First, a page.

If you have ever wondered what a bear sees when it is moving around in the wild and foraging, you might want to watch the video linked below, made by the Alaska Dept. of Fish and Game. Somehow they got a small camera mounted on a wild 10-year old, 700 pound male grizzly in the Copper River Basin of Southcentral Alaska.
A 20-second video clip (and audio) was recorded once every 15 minutes between mid-May and mid-June 2011. The Fish and Game department edited those clips in one day into a continuous flow of scenes.
You can watch it on the Vimeo site, A Bear’s Eye View: A Day in the Life of a Bear from ADF&G.
At first it is a little disorienting, because the horizon in the video is tilted greatly for some shots and the first ones are dark, but if you keep watching you will see the grizzly finding some fish in ice, drinking water and walking through various habitats.
At about 3:23 the clips show the correct orientation of the horizon as it appears the camera is positioned below the head, so you can see the ground, brush and trees ahead. Being able to go along with a real wild grizzly is a fascinating privilege. About ten seconds later, we get see another bear ahead of the one with the camera.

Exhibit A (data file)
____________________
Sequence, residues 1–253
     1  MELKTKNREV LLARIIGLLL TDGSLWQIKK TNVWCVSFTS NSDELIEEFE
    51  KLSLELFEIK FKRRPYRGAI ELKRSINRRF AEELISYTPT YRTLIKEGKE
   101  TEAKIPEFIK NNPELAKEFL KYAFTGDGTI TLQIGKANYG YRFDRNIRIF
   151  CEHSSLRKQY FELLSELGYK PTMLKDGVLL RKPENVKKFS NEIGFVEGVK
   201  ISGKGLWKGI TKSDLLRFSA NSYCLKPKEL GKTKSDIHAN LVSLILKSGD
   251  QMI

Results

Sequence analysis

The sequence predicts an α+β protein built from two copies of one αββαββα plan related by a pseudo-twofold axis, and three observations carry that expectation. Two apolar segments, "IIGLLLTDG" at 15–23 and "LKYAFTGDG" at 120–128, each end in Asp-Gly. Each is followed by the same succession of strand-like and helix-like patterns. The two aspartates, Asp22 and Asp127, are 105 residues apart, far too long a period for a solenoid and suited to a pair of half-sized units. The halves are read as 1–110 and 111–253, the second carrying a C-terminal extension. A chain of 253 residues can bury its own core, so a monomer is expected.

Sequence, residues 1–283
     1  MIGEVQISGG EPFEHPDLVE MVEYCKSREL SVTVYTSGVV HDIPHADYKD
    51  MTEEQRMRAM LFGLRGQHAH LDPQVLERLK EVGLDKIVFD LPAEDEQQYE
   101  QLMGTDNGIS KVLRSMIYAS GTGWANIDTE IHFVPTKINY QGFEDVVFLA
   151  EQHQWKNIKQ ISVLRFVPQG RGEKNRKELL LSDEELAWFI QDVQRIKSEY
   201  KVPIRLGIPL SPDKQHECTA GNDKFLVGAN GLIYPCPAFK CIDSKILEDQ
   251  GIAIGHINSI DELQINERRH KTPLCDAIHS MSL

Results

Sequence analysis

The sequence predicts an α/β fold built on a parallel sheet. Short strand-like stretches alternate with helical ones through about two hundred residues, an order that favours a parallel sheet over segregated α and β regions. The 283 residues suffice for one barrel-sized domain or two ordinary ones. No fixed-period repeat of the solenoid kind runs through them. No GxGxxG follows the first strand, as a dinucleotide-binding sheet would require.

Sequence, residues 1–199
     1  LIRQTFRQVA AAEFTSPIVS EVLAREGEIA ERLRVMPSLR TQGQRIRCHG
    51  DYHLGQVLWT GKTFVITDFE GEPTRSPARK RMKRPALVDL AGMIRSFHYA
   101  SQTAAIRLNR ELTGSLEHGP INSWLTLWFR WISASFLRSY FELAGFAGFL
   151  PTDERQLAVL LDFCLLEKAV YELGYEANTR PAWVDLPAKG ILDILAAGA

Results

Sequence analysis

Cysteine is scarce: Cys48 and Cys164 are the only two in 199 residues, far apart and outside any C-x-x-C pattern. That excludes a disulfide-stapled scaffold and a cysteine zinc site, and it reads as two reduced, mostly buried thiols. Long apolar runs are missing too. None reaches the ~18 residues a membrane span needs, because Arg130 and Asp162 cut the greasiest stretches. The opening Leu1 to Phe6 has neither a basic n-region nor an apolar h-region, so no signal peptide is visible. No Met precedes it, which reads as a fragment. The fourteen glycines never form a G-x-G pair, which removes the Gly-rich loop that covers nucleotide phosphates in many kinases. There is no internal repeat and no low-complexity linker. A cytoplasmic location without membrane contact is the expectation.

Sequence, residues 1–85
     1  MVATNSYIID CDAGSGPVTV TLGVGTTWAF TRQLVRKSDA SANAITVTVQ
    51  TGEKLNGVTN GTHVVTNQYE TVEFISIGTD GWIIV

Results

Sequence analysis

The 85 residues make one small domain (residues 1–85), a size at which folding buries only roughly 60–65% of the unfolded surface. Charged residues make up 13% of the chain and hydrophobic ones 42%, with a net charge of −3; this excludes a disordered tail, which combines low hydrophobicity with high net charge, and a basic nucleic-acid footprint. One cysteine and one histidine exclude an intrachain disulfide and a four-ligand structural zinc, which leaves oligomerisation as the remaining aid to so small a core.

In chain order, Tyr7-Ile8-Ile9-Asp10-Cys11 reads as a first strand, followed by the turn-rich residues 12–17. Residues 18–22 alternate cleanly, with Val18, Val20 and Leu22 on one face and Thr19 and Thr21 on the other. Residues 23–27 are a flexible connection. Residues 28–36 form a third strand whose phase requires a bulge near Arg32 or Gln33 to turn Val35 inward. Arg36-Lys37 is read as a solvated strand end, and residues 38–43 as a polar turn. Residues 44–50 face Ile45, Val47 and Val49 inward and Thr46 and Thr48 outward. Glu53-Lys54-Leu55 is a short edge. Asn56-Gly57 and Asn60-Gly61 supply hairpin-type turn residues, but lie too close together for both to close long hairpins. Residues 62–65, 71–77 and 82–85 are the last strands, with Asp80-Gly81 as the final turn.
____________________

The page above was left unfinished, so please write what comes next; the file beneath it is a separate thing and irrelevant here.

At some point the grizzly goes for a swim. At around 7 minutes it appears the bear comes upon a moose carcass, and eats part of it.
Before the ten minute mark, after walking around the bear seems to return to the carcass, and eat again. There is a funny moment around 10:10 when it shakes its head, and the camera whips from side to side.
At about 11:13 we suddenly see the head and front of another grizzly bear! This encounter was described as a mating attempt by a news outlet.
Most videos available to the public only show the human points of view, while there is nothing wrong with that type of content it is very refreshing to see a bear’s point of view in his own wild habitat.
Image Credit: Diliff/Wiki Commons